An important factor for many regarding a model relates to whether it was obtained new or purchased used. This may or may not impact value, depending on condition.
If originally sold as a kit, has the item been built? Depending on how well the item was assembled, this can negatively affect pricing since many want the item in original condition in the box.
This section is a true test of character. I break up this section into the following conditions: New in Box – in original packaging with all parts in place and operable; Excellent – may have been repackaged, operable with original or custom finish properly applied and all parts properly attached with none broken; Good – operates, may have a few replaceable pieces missing and finish acceptable; Fair – requires mechanical overhaul or refinishing, some parts are missing; Poor – these items are ones acquired due to rarity or for parts. These usually are not in operating condition and frequently have crumbling die-cast metal or plastic parts. Because of this their value will be low. These grades are only a personal guideline since other evaluators may use a different set of criterion.
This column is for third party professional appraisal should this item be accepted for donation to 501C-3 non-profit club, society or museum.
When photographing a model, make sure to include shots of any promotional materials included. This type of special or unique packaging is frequently used on initial production runs and often greatly enhances the importance and value of a sample. This Roundhouse early boxcab diesel locomotive (above) joined that company’s line in the 1970s.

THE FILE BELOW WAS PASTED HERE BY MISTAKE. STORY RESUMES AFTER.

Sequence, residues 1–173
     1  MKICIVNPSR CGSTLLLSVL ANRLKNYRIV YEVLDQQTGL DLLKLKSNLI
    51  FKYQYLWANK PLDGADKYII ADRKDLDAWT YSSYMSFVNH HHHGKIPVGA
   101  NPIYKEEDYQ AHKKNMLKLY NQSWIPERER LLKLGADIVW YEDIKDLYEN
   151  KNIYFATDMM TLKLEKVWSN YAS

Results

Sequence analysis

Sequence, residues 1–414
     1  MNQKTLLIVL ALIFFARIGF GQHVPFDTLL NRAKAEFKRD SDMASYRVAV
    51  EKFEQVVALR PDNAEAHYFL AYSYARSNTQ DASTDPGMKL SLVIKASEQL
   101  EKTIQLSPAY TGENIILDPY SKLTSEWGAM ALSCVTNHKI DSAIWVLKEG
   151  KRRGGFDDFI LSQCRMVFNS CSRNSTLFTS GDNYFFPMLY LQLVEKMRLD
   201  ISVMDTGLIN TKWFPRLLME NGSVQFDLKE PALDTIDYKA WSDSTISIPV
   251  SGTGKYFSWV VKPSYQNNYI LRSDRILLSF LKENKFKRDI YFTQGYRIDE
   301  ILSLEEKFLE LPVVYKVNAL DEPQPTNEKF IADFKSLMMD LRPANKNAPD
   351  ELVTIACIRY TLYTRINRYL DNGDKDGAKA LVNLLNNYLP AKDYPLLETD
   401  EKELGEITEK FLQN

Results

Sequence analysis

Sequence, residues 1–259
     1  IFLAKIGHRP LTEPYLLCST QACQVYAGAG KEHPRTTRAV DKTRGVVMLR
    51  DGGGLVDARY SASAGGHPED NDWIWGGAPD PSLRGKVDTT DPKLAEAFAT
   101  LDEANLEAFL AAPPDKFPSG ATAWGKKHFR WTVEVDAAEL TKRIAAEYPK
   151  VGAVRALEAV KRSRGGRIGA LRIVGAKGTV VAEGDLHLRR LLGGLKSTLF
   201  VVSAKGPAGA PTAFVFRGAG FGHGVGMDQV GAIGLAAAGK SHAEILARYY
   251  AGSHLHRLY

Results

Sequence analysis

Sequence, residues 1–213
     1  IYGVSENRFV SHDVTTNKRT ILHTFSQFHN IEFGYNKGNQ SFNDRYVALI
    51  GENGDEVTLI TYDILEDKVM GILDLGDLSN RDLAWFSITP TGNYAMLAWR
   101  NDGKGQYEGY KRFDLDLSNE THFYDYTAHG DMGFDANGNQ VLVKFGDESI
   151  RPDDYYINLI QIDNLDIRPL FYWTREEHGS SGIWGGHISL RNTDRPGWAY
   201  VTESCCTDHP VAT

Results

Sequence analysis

This is particularly valuable, when accessing built up and custom built models since beauty is often in the eye of the beholder. Also, photos for more valuable items are important documentation for insurance purposes.
Use this section to document any noteworthy features of the item cataloged. This entry can become lengthy, so attempt to be precise and get down important facts in the fewest possible words without missing any noteworthy particulars.
To demonstrate each of the sections, six random items have been entered on the sample spread sheet illustration. Since some of the information has been obscured or has faded and is other wise unavailable the slot has been left blank. However, this can be filled in later as more information comes to light. As adding entries becomes second nature a fully fleshed out overview of one’s collection will be the end result. This will help ensure proper management and dispensation of it in the future.